PMCCPMCCPMCC

Search tips
Search criteria 

Advanced

 
Logo of nihpaAbout Author manuscriptsSubmit a manuscriptHHS Public Access; Author Manuscript; Accepted for publication in peer reviewed journal;
 
Oncogene. Author manuscript; available in PMC 2010 May 19.
Published in final edited form as:
PMCID: PMC2783211
NIHMSID: NIHMS136265

Mechanism of chemoresistance mediated by miR-140 in human osteosarcoma and colon cancer cells

Abstract

In this study, our high throughput microRNA (miRNA) expression analysis revealed that the expression of miR-140 was associated with chemosensitivity in osteosarcoma tumor xenografts. Tumor cells ectopically transfected with miR-140 were more resistant to methotrexate (MTX) and 5-fluorouracil (5-FU). Overexpression of miR-140 inhibited cell proliferation in both osteosarcoma U-2 OS (wt-p53) and colon cancer HCT 116 (wt-p53) cell lines, but less so in osteosarcoma MG63 (mut-p53) and colon cancer HCT 116 (null-p53) cell lines. miR-140 induced p53 and p21 expression accompanied with G1 and G2 phase arrest only in cell lines containing wild type of p53. Histone deacetylase 4 (HDAC4) was confirmed to be one of the important targets of miR-140. The expression of endogenous miR-140 was significantly elevated in CD133+hiCD44+hi colon cancer stem-like cells which exhibit slow proliferating rate and chemoresistance. Blocking endogenous miR-140 by locked nucleic acid (LNA) modified anti-miR partially sensitized resistant colon cancer stem-like cells to 5-FU treatment. Taken together, our findings indicate that miR-140 is involved in the chemoresistance by reduced cell proliferation via G1 and G2 phase arrest mediated in part, through the suppression of HDAC4. miR-140 might be a candidate target to develop novel therapeutic strategy to overcome drug resistance.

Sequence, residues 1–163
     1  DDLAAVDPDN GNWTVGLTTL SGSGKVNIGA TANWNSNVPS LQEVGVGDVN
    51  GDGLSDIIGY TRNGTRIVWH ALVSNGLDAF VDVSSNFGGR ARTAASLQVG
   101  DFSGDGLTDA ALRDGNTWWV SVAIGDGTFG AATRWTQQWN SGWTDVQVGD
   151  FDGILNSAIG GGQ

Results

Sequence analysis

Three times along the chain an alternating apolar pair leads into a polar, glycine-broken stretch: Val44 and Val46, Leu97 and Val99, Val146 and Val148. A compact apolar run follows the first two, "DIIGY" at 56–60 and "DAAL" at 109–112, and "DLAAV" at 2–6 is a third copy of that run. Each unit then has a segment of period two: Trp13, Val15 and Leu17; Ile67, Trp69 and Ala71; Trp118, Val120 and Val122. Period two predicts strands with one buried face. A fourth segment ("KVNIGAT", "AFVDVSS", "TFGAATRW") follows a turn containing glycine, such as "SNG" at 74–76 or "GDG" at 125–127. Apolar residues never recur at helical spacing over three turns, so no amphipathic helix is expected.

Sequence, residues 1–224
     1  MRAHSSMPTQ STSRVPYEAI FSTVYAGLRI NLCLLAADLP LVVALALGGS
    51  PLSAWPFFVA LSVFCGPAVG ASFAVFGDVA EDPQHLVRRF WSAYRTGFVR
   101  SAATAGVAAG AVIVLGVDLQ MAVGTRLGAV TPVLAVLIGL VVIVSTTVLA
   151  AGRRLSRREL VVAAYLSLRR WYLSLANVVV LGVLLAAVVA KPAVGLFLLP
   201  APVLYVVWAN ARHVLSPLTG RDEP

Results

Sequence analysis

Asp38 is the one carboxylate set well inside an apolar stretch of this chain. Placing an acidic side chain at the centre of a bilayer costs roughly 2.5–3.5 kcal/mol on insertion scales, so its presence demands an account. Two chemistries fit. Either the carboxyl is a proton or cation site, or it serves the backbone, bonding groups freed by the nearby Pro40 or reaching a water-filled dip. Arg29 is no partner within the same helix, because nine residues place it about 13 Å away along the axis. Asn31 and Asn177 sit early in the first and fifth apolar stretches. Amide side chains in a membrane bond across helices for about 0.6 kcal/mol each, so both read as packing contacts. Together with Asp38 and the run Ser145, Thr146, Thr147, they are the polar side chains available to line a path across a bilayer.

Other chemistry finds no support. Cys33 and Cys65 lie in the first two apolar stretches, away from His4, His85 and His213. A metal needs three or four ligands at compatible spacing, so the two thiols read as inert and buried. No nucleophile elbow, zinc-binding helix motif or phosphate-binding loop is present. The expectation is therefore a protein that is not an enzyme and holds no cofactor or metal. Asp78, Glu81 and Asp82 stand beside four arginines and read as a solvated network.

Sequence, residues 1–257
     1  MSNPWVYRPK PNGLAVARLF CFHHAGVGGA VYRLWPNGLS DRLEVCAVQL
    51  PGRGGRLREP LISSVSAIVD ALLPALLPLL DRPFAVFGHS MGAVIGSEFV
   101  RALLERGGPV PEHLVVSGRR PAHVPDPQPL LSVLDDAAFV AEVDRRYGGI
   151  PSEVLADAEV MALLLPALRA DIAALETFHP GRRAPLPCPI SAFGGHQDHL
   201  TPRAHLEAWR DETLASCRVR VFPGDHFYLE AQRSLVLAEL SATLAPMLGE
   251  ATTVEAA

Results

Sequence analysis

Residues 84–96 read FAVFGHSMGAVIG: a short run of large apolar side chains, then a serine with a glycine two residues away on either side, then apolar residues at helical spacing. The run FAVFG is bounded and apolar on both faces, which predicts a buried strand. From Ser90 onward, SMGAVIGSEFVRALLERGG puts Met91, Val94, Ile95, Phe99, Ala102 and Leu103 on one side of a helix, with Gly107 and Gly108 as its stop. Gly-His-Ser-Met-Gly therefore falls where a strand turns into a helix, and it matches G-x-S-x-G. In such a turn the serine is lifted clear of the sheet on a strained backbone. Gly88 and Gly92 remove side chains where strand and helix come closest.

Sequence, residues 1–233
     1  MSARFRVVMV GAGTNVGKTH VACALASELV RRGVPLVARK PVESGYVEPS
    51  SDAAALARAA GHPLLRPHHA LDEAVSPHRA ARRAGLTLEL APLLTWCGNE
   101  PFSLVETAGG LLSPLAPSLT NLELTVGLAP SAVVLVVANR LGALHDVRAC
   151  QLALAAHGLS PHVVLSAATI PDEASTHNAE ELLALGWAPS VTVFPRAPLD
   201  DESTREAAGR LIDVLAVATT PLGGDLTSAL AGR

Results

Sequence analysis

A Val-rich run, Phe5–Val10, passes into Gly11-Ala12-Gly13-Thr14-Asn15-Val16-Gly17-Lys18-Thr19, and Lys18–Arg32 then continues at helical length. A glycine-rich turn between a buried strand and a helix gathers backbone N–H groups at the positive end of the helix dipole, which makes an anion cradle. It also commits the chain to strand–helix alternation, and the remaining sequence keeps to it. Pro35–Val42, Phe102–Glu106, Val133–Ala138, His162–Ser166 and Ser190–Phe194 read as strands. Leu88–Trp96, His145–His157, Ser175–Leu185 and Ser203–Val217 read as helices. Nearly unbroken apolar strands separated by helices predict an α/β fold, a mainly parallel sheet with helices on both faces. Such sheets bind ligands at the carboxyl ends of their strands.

Keywords: miR-140, chemosensitivity, histone deacetylase 4, cancer stem cells

Introduction